Contract catering

Schools and colleges that opt to use a contractor can use a consultant to meet with stakeholders and help them draw up a robust specification which can be matched to 'best value' companies.

The criteria for choosing a contractor will differ depending on the overall objectives. If a school simply wants to hand over responsibility to a contractor which will meet the basic government guidelines at minimum cost, it is best advised to stay within the local authority and use a large group contractor that can offer cost savings through the efficiencies of scale.

If, however, a school or college is looking for a very bespoke service in which the contractor brings improved marketing and catering expertise, but manages the existing staff and uses existing suppliers with which the school/college has already established preferable rates, then it will benefit from a small local contractor who places an emphasis on partnership working and has a real interest in the quality of food and the students who consume it.

In all cases, institutions should bear in mind that while it is often easier to budget with a contractor (who will usually charge between six and ten per cent of turnover) the downside is that once the standard is set, the school/college loses some control and the ability to change the approach during the contract period.

It is therefore vital that the specification is right from the start so that everyone knows what their responsibilities are and what flexibilities are available to them. Trying to renegotiate service levels halfway through the year because you want to change your pricing policy, reduce staff levels or even shut aspects of the service down for a limited period is a problem best avoided.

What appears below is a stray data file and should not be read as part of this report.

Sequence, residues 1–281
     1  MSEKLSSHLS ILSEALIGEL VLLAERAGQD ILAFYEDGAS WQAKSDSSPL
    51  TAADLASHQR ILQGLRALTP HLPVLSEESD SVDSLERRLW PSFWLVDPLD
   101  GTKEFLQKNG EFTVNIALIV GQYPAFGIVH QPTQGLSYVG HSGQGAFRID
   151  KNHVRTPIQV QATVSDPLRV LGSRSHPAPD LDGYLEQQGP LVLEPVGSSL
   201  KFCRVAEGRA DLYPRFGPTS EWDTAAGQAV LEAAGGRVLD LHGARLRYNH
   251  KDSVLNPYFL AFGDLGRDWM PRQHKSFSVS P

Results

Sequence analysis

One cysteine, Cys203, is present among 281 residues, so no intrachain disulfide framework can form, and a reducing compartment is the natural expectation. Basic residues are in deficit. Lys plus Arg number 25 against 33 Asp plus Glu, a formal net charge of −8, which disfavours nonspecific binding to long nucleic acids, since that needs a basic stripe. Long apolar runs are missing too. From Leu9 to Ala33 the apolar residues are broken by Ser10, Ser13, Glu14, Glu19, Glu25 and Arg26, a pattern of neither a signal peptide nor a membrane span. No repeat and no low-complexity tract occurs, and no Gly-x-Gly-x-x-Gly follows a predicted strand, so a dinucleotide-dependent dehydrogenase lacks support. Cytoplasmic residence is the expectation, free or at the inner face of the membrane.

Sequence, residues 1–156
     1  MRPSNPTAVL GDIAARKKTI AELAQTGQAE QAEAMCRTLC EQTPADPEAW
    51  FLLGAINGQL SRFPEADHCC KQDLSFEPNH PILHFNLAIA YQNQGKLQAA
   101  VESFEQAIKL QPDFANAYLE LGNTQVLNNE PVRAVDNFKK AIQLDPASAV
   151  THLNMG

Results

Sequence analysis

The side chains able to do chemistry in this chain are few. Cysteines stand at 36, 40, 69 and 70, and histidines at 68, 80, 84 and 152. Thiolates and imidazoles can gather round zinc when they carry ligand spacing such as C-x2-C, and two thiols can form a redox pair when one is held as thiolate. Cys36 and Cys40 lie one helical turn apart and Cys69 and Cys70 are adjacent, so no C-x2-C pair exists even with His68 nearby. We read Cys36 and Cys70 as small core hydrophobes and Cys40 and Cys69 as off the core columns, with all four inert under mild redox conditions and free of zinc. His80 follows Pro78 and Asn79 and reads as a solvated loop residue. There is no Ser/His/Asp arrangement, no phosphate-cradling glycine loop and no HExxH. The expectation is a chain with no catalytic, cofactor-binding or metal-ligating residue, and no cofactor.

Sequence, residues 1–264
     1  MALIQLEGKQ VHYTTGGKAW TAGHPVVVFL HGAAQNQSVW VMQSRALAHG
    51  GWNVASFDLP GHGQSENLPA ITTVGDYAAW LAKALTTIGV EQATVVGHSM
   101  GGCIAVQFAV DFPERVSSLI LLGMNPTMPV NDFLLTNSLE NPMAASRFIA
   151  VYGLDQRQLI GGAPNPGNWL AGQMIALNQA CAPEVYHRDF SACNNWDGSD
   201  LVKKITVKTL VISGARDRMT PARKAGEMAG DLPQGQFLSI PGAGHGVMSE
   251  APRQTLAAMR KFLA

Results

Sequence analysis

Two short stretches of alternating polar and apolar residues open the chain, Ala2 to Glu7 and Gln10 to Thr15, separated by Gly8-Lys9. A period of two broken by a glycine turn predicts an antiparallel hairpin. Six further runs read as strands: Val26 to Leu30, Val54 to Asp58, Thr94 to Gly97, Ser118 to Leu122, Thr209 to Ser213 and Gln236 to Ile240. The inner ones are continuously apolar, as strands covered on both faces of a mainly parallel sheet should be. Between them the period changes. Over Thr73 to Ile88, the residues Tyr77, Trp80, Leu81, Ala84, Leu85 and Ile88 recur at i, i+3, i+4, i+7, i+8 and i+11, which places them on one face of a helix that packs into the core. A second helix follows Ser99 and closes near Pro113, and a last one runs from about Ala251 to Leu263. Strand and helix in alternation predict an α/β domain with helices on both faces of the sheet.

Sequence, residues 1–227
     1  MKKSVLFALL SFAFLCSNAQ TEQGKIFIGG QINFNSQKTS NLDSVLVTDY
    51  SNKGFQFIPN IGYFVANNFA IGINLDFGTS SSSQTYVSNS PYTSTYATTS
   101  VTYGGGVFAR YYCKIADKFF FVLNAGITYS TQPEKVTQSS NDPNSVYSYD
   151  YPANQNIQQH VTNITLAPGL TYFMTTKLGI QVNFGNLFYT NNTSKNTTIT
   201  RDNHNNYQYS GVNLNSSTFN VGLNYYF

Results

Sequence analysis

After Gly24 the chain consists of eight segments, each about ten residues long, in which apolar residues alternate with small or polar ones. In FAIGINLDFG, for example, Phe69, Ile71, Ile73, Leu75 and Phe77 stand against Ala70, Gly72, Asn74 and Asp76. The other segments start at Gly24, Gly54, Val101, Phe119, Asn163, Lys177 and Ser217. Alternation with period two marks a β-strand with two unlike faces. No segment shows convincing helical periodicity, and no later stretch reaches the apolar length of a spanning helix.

There is no doubt that the introduction of new nutritional standards is a major challenge for schools.

A typical secondary with a roll of 1,200 students is used to breaking even on catering. Now it faces having to absorb subsidies of between £5,000 and £10,000 in the first year in order to introduce healthier eating - money it has no choice but to find from other parts of the school budget.

As the uptake of healthy meals increases over a period of time, that subsidy will decrease accordingly and most schools should start to break even again after three to four years.

However, with expert planning, a willingness to try new approaches and the commitment of the whole school community, education has the opportunity to serve up a better future for the young people in its charge.

Mike Pooleman is a former hotel and restaurant chef who has worked in the education arena for more than 30 years. In the 1990s he was responsible for managing the catering in 247 schools and colleges in the south of England. He founded RM&C Consultants Ltd in Kent May 2000, specialising in catering, cleaning and facilities management in independent and state schools.

© 2024 Association of School and College Leaders | Designed with IMPACT